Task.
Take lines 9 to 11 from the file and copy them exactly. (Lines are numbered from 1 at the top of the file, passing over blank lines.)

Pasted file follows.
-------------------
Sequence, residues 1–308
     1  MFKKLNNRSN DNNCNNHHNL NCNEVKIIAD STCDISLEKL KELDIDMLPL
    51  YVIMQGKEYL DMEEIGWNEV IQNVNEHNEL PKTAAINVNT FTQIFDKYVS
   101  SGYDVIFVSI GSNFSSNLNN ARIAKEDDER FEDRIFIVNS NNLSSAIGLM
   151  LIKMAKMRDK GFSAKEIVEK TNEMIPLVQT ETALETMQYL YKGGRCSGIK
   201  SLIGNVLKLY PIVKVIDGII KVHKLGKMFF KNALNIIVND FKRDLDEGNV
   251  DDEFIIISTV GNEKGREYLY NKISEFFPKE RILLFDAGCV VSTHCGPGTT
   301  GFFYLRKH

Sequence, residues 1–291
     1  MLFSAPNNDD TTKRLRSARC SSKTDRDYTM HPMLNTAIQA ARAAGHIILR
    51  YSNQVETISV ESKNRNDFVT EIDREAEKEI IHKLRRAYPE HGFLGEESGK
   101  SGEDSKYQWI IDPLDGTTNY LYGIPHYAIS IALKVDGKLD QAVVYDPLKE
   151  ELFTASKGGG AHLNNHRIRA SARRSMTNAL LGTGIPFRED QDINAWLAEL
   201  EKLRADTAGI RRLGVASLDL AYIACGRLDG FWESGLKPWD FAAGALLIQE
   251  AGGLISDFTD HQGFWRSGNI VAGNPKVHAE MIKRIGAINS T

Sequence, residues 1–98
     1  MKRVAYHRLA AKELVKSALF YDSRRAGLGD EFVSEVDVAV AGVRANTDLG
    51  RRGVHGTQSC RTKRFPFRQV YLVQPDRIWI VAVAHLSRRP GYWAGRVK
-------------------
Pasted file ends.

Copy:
Sequence, residues 1–291
     1  MLFSAPNNDD TTKRLRSARC SSKTDRDYTM HPMLNTAIQA ARAAGHIILR
    51  YSNQVETISV ESKNRNDFVT EIDREAEKEI IHKLRRAYPE HGFLGEESGK